Notably, similar to last year, this notice also provides penalty relief for employers which will allow them to forego distributing the Form 1095-B to individuals. As a reminder, this resulted from the IRS accepting comments on the necessity of the Form 1095-B now that the individual mandate penalty has been zeroed out. So, as long as employers post a notice on their website that the document is available upon request, and then fulfill any such request within 30 days, they can choose not to distribute the Forms 1095-B to covered individuals.
However, employers should note that the penalty relief pertaining to the Form 1095-B is not available for Form 1095-C, but can be applied to employees who are not full-time and only receive a Form 1095-C to meet the Form 1095-B reporting requirement. In other words, those employees who are only receiving a Form 1095-C because the employer uses Part III to comply with Section 6055 no longer have to be provided a Form 1095-C. (Self-insured applicable large employers must still provide and file Form 1095-C to full-time employees and complete Part III of the Form, indicating the covered spouses and dependents of the full-time employees.)
Although the IRS provided similar relief in the past, the agency explains that unless they receive comments to explain why relief related to furnishing statements under Sections 6055 and 6056 continues to be necessary, no relief will be granted in future years. Comments must be submitted by February 1, 2021 (Notice 2020-76 provides instructions on how to do so).
Employers should keep this guidance in mind as they are preparing their ACA filings and distributions for 2020.

IRS Notice 2020-76

Source: NFP BenefitsPartners

Filed under: Abentras Blog

Another Federal District Court Invalidates the Current Section 1557 Rules

On September 2, 2020, the US District Court for the District of Columbia issued an injunction against HHS, stopping the agency from enforcing its amendments to its rule implementing Section 1557 of the ACA. The specific amendments subject to the injunction are those that scale back the rule’s prohibition against discriminating on the basis of gender identity or sexual orientation, as well as the insertion of a religious exemption allowing religious organizations to opt out of following the rule when doing so would be inconsistent with their religious beliefs. This is the second federal district court to block these new amendments.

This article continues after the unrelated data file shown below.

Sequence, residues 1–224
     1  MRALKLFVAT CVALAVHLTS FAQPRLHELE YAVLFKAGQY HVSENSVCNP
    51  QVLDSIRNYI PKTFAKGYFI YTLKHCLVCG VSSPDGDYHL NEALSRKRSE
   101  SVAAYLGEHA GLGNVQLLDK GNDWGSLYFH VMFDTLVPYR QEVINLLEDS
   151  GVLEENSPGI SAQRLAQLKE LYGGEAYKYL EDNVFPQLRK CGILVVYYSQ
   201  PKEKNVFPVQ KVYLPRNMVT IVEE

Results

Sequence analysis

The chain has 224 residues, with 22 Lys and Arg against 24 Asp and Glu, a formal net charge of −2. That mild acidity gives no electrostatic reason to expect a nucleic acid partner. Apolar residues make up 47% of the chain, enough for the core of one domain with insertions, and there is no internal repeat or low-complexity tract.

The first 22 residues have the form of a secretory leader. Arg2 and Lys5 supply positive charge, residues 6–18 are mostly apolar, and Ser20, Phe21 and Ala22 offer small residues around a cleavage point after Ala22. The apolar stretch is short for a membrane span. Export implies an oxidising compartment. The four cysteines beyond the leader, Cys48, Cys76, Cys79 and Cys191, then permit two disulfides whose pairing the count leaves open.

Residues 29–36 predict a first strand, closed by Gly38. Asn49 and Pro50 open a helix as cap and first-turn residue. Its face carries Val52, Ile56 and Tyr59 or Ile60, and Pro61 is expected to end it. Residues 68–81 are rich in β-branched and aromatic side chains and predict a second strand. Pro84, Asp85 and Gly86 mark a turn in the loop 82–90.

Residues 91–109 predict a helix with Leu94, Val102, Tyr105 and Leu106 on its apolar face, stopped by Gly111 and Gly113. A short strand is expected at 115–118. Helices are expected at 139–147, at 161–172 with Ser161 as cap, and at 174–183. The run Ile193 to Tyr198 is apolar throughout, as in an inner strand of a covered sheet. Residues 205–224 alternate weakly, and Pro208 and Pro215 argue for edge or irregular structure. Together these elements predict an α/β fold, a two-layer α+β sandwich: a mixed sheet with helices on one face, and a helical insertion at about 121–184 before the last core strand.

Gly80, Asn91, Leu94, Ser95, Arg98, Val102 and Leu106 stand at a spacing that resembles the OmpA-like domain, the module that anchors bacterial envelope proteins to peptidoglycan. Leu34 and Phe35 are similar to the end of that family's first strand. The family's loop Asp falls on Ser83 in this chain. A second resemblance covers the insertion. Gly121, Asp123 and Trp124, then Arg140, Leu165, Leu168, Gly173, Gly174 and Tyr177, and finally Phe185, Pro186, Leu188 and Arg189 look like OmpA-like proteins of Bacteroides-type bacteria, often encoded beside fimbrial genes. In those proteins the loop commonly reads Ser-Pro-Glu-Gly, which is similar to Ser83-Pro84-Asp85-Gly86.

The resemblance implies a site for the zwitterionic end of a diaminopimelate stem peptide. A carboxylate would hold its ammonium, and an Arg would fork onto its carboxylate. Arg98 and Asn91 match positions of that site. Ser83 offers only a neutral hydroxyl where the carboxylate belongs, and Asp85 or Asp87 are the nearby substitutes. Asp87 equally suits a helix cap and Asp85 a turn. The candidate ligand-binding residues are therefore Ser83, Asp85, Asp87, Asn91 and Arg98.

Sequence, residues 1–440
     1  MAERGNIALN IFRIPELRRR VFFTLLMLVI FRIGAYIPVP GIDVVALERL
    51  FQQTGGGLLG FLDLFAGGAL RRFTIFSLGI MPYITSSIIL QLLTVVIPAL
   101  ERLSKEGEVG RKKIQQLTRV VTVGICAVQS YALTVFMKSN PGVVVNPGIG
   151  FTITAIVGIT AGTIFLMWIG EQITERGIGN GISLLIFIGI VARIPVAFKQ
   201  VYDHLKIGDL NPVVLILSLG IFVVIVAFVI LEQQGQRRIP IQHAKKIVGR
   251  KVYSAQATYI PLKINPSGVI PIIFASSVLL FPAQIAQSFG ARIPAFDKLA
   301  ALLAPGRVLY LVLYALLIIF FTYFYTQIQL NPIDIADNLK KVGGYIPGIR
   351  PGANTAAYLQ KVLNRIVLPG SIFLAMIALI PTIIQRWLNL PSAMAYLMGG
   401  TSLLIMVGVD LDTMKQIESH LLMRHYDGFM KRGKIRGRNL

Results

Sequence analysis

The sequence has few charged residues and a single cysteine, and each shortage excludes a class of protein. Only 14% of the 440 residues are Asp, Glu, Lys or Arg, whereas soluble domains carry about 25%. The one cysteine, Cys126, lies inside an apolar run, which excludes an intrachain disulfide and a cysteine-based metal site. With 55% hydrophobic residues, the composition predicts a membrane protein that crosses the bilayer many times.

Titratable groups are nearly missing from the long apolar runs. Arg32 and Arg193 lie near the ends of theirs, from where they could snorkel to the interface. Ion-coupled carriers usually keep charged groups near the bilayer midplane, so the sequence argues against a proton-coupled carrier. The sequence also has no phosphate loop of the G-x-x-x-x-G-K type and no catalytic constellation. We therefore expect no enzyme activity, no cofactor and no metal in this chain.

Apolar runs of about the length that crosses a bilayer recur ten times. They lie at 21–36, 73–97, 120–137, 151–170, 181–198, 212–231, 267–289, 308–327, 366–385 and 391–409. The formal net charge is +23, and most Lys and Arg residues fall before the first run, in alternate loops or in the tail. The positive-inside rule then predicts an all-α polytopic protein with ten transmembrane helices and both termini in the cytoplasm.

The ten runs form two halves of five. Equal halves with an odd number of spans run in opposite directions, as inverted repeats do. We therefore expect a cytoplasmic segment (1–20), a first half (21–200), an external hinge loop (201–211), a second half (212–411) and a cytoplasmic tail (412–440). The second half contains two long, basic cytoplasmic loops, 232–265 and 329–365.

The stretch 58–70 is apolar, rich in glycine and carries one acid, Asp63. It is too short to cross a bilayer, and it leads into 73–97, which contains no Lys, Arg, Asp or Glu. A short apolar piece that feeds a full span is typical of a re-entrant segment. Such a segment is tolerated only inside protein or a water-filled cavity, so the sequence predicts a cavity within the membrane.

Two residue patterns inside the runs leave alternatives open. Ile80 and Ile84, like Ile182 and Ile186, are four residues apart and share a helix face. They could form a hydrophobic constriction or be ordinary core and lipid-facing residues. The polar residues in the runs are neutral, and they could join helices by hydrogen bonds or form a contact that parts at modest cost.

The amendments to the rule implementing Section 1557 were discussed in the June 23, 2020, edition of Compliance Corner.

In this case, Whitman-Walker Clinic v. HHS, a group of organizations that provide healthcare and other services to the LGBTQ community filed suit against HHS within days of the publication of its final rule. The plaintiffs alleged that the agency acted in an arbitrary and capricious way when implementing the amendments to the rule, and that these amendments conflict with Section 1554 of the ACA by creating unreasonable barriers and impeding access to healthcare services to members of the LGBTQ. The plaintiffs also alleged that the final rule violates the First Amendment’s right to free speech, the Fifth Amendment’s guarantees of equal protection and substantive due process, and the Establishment Clause. As a preliminary matter, the plaintiffs asked the court to enjoin the agency from enforcing its final rule while litigation proceeded.